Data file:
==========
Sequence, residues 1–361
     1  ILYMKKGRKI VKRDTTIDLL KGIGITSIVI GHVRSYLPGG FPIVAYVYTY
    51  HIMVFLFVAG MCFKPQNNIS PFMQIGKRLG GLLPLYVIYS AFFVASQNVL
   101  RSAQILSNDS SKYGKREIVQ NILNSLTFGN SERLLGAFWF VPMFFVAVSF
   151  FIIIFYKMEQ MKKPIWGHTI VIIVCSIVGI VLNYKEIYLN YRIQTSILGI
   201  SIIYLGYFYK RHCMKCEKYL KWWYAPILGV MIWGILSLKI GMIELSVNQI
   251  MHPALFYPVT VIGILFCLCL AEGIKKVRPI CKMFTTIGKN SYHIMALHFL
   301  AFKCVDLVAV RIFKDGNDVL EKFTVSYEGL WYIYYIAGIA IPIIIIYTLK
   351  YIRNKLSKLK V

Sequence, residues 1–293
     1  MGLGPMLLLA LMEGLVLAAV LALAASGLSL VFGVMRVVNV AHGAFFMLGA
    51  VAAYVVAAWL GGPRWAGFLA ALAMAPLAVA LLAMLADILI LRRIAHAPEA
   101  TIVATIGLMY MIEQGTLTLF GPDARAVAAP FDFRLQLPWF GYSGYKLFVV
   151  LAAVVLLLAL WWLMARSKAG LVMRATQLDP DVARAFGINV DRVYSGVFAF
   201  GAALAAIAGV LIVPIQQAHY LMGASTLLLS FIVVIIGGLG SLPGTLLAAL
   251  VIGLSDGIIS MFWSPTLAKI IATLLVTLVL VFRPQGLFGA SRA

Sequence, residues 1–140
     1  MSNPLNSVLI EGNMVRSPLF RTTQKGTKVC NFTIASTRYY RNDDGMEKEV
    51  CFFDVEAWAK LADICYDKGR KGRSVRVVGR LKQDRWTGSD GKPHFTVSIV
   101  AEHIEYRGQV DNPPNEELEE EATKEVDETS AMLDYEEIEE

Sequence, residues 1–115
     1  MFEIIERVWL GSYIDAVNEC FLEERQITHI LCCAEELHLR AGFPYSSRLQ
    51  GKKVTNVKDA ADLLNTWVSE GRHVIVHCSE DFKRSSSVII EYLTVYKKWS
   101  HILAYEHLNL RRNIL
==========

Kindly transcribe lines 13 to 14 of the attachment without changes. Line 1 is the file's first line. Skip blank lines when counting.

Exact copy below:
   101  TIVATIGLMY MIEQGTLTLF GPDARAVAAP FDFRLQLPWF GYSGYKLFVV
   151  LAAVVLLLAL WWLMARSKAG LVMRATQLDP DVARAFGINV DRVYSGVFAF